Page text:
If you're still concerned...

1. Talk to your child. Communication is absolutely essential.
2. Ask to sit in on a game session. Realize that if you don't like what's going on, it could very well be the game group, not the game. If you and your child agree this might be the case, you could suggest finding another game group, or having the child act as Game Master in order to bring more positive aspects to the game.
3. If your child already has mental health problems, talk to your psychologist about the possible effects of RPGs. You may find they can be positive as well as negative. If your psychologist seems to be talking out of media hype, please refer him to this page before continuing discussion. You might also send him to this web page where he will find a bibliography of some studies done on RPGs which might prove helpful.
4. If your child starts discussing his characters more than his real life, or begins foregoing eating or sleeping in order to roleplay, get concerned. This could actually be a sign of depression. The games are a very easy respite from the pain and confusion clinical depression can cause. I speak from experience. The games really can become harmful when used to escape depression.
Dungeons & Dragons (TM) and Other Fantasy Role Playing Games
Sources About Role-Playing Games
Christian Gamers Guild

MUX Logs:

Hogwarts Express has their logs listed on the Live Journal community he_logs, located here.

Christian RPGs:

E-mail the creator of this page with questions or comments.

Note: While some comments, questions, or bits of information sent in by commenters do reach these pages, not all of them will. I also do not promise that they will reach these pages in anything approaching a timely fashion. :) Things that will never be included are:
1. Arguements over my game recommendations. These are my impressions of games I have played with the exception of "Toon" and "Teenagers From Outer Space." (The only reason those two made it to the list despite my lack of experience with them is they had the unique quality of being appropriate for ages 10 and younger, something which I was unable to offer). Other games might make the list but arguments over my impression of existing games never will. However, you may see Reader Recommendations below. However to save space I will only include one recommendation per game.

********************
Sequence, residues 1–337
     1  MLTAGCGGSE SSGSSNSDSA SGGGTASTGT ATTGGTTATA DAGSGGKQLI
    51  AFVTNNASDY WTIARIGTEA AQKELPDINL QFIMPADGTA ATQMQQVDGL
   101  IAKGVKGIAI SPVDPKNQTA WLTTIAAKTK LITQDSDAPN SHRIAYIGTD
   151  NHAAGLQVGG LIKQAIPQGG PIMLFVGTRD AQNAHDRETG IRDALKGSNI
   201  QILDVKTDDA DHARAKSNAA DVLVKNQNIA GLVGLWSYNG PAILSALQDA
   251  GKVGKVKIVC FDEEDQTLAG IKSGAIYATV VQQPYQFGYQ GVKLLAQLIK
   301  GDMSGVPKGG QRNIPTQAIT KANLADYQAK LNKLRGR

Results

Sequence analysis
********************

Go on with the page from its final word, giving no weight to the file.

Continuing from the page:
2. Links to conventions. There are other, better places to get this information. I may, if someone out there has it, include a link listing many game conventions.
Things that are more likely to be included:
1. Information, especially if my information is inaccurate or incomplete, such as in the case of the LARP information included above. Information that closely duplicates mine is less likely to receive consideration for inclusion on this page.
2. Resource links such as the ones found above.
This isn't to be a hard nose. I simply don't want those people whose much appreciated comments or suggestions for additions that did not make this page to feel in any way slighted. I wanted to make my reasoning clear for what I did and did not include.

Other items of interest are below.

Because I'm curious:

Last Updated: 12/02/07. Added my review on Against the Darkness.

Requests: Is there a gaming topic you'd like me to address? Please let me know.

I try to answer all emails that come my way. You can also report broken links this way. My time is limited, so it might take me awhile to get around to fixing them, but please do report them.

Carmen Hudson is a gamer of 16 years and a mommy.

Reader Recommendations

Reader Name: Robert Elliot

Recommendation #1: Harn, by Columbia Games. Harn is a very little known game that aims for strict realism. It's farther from fantasy and more toward reality, where a common phrase in a game with 4 or 5 characters might be,"Hey look, two orcs with axes and some leather armor... Quick run away before they see us! Ah! Too late, we're doomed!" Typical characters start as farmers or craftsmen, generally working whatever job their parents did, but somehow get involved in various political or more rarely mystical encounters. A must for anyone seeking a more mature campaign!

Recommendation #2: Amtgard (LARP). It is it's own game with it's own rules, but in effect it is a modified D&D where combat is resolved using what people would generally call "boffer" swords. It's all over the US now and seems to be growing rapidly... Look out for crazy foam-swingers in a park near you.